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star July 22, 2013 02:16

convergence criteria in Fluent
Hello friends. I just started to work on Fluent 14.0. I am learning it to simulate flow around a 2D airfoil. I want to ask a basic question.
How will we know that solution has converged? Is it depend on the value of Residuals which we set? and if it converges, it means the solution is correct?
I will thankful if somebody help me.

flotus1 July 22, 2013 04:46

In the case of an airfoil, it might be reasonable to judge convergence rather on lift and drag coefficients than on the residuals alone.

And of course, a conveged solution is not necessarily a correct one due to the multitude of possible error sources in a simulation.

star July 22, 2013 05:55

Thanks Alex for your kind reply. So you mean that I should check the stability of lift and drag coefficients? In the case of converged solution, could you please tell me some of the error sources or how to make sure the converged solution is correct?
I know about one thing, i.e to change the grid size and check the result with previous grid size. If the difference is very small so it means it is correct? Is it correct way or there are others?

flotus1 July 22, 2013 08:39

star July 22, 2013 12:48

Thanks Alex.. i got another question out of it if you could help.
it says" Usage errors are caused by user specifications. For example, the user may run a turbulent simulation as laminar or an unsteady simulation as steady. These errors can be monitored via a convergence study."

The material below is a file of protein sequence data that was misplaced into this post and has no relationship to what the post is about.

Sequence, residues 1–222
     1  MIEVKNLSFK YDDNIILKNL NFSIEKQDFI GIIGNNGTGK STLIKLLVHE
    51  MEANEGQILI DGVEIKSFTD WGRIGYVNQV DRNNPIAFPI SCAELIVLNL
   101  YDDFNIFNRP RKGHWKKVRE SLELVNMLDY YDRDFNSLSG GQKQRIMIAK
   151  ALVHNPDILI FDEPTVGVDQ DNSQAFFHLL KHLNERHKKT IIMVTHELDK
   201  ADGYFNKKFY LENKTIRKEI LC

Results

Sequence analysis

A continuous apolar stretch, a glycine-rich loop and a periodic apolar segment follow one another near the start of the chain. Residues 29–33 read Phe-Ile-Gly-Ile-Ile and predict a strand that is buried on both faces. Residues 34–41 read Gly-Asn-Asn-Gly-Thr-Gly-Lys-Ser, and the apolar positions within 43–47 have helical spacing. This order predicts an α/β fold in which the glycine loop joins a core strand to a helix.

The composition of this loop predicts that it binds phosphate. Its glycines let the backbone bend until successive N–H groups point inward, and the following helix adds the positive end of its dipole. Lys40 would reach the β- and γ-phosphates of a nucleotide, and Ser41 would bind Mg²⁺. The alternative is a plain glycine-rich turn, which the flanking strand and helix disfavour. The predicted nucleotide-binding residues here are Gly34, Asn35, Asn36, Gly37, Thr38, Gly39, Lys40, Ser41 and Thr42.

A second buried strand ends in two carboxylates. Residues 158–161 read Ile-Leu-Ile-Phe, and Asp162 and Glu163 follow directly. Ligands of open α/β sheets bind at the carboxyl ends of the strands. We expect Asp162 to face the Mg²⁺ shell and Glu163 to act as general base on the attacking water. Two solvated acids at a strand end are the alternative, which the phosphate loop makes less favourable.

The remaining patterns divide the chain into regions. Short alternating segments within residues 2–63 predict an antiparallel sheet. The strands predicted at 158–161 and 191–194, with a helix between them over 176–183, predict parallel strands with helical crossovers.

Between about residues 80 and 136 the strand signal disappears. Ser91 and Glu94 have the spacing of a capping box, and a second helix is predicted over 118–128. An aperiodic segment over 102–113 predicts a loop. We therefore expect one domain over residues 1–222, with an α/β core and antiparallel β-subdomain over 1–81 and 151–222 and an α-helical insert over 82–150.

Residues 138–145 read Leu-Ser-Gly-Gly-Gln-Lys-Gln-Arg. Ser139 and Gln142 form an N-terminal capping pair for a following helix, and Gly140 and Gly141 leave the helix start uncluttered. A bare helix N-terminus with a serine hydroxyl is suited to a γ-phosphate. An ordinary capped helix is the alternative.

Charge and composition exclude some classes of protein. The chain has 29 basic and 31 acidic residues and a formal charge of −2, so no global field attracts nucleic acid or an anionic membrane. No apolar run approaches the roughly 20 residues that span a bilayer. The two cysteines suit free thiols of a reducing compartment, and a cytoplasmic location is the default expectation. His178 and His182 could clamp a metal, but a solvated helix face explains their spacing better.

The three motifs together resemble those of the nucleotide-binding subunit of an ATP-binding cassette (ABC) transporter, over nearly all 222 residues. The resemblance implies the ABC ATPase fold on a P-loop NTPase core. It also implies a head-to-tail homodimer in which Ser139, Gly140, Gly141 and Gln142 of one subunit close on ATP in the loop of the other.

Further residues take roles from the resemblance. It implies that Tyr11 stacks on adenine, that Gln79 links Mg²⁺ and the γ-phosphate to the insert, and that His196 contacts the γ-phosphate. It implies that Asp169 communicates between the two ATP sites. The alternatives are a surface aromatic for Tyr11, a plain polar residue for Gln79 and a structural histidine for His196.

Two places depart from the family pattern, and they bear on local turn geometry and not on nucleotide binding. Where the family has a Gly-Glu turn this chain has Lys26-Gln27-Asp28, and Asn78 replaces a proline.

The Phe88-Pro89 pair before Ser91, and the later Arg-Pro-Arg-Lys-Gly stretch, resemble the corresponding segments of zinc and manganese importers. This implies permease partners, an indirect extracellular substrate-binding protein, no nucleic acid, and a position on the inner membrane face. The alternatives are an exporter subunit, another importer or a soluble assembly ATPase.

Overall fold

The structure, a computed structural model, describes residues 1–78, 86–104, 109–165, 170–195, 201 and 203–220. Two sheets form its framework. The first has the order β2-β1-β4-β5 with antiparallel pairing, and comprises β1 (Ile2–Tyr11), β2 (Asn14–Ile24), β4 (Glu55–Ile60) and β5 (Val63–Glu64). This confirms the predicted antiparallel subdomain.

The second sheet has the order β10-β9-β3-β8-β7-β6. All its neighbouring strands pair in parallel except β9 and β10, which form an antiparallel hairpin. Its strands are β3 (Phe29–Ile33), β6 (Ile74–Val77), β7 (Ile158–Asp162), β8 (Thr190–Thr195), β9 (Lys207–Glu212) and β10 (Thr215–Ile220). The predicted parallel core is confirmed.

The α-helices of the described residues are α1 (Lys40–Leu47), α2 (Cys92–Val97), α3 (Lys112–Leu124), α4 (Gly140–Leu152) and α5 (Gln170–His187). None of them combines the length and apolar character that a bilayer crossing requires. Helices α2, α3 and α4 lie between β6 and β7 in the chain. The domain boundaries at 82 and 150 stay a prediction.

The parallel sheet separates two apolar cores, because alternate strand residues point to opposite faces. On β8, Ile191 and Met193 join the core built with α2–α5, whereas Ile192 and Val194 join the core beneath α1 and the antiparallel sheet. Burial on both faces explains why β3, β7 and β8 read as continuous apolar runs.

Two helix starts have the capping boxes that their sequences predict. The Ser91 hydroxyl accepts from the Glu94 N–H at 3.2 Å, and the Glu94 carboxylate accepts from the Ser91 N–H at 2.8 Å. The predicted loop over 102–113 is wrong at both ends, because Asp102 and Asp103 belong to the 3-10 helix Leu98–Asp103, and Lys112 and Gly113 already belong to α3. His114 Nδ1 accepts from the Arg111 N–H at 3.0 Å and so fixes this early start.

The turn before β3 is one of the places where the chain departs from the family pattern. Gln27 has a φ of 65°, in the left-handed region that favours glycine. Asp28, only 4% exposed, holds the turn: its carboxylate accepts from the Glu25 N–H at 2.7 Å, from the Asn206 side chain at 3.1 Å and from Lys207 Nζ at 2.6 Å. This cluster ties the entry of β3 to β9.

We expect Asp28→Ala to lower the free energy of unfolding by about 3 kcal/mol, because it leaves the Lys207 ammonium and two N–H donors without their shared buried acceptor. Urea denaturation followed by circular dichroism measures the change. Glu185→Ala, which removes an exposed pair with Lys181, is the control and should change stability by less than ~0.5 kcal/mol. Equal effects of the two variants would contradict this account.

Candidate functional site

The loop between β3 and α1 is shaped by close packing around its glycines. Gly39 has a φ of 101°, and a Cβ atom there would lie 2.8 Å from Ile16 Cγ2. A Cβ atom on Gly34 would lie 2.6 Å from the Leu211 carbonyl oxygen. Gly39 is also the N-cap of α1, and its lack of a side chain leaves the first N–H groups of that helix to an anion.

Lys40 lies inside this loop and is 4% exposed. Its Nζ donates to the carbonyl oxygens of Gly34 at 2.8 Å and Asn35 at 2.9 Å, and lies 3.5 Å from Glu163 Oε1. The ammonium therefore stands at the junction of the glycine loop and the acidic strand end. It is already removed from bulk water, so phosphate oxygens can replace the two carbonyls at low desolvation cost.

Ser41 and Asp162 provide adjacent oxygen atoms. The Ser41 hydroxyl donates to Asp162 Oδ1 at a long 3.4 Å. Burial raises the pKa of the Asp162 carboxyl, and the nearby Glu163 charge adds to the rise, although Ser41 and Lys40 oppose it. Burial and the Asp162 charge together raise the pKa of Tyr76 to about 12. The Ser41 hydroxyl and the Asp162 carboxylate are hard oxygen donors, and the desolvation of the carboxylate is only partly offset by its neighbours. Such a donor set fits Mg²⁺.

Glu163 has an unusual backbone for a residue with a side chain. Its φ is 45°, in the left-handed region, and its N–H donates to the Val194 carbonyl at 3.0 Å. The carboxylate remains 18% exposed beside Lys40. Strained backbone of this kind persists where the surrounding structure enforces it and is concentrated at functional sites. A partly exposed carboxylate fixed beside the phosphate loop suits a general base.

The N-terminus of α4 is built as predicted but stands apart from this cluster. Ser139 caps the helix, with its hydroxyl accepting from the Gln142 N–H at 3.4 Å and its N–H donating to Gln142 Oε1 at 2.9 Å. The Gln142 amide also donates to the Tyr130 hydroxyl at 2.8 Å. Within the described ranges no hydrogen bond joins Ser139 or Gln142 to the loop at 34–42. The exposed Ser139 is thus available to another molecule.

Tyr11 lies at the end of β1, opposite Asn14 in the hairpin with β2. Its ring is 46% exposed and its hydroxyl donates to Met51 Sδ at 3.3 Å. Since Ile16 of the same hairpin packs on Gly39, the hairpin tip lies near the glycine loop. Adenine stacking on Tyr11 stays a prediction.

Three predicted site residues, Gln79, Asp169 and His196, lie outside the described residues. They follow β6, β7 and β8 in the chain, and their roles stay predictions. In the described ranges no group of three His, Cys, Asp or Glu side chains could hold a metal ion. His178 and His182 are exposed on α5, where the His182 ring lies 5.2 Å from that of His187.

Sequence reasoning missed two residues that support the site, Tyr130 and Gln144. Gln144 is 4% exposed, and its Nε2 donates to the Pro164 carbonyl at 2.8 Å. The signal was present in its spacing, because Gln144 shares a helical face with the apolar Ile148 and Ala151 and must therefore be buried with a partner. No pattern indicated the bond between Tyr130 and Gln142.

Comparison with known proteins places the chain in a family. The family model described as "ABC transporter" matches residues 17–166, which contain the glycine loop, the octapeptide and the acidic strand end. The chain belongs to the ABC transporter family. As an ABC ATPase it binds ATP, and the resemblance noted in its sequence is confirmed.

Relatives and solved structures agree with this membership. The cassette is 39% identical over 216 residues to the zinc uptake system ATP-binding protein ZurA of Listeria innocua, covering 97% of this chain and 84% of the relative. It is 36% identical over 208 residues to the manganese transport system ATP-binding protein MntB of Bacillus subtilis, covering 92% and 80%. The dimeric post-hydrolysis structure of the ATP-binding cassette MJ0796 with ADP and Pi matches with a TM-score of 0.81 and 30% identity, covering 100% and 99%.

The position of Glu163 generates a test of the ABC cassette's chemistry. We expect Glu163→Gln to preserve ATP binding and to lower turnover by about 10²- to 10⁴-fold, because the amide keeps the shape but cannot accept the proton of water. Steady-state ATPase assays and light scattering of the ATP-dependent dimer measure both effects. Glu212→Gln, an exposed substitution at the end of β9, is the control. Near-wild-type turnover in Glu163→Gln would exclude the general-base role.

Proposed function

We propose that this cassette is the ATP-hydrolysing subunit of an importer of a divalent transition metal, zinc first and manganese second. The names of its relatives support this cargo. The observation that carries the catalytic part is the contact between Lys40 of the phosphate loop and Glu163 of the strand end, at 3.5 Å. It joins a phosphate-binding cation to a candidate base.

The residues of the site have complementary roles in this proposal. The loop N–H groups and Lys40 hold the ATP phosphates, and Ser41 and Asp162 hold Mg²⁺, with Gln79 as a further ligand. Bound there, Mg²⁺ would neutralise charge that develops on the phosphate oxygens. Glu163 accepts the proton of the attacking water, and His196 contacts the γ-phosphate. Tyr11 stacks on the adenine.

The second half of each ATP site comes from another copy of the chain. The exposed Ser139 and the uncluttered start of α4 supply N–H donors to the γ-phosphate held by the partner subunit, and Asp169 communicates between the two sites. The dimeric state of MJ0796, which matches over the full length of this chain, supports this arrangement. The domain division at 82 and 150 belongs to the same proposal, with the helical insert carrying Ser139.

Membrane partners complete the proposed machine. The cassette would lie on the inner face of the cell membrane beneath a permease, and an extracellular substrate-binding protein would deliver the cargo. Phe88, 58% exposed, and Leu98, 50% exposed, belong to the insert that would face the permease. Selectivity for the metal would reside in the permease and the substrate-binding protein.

What I know is laminar and turbulent flow depends on Reynolds no. but how will we know about steady and unsteady flow? how can we know from convergence?

flotus1 July 22, 2013 13:59

This point might be a little confusing in the FAQ. I actually think the conclusion that user errors can be monitored with a convergence study is questionable.

But let us first review the terminology: steady/unsteady is not equivalent to laminar/turbulent.
Turbulent flows are always unsteady.
Laminar flows can be steady or unsteady.

The most important thing to tell if a flow is turbulent or not: Technical flows are mostly turbulent flows. Apart from this, the exact regions of laminar and turbulent flow regime are only known for very simple flows.
It might be a good idea to start off a simulation with a turbulence model and monitor turbulent quantities like the turbulent kinetic energy k. If it is very low throughout the computational domain (provided low values at the inlet) you might run a laminar computation. If this converges well, the flow might actually be laminar.
But again, other factors like numerical viscosity introduced by a first order upwind scheme might force the flow to be laminar in the computation while it is actually turbulent...

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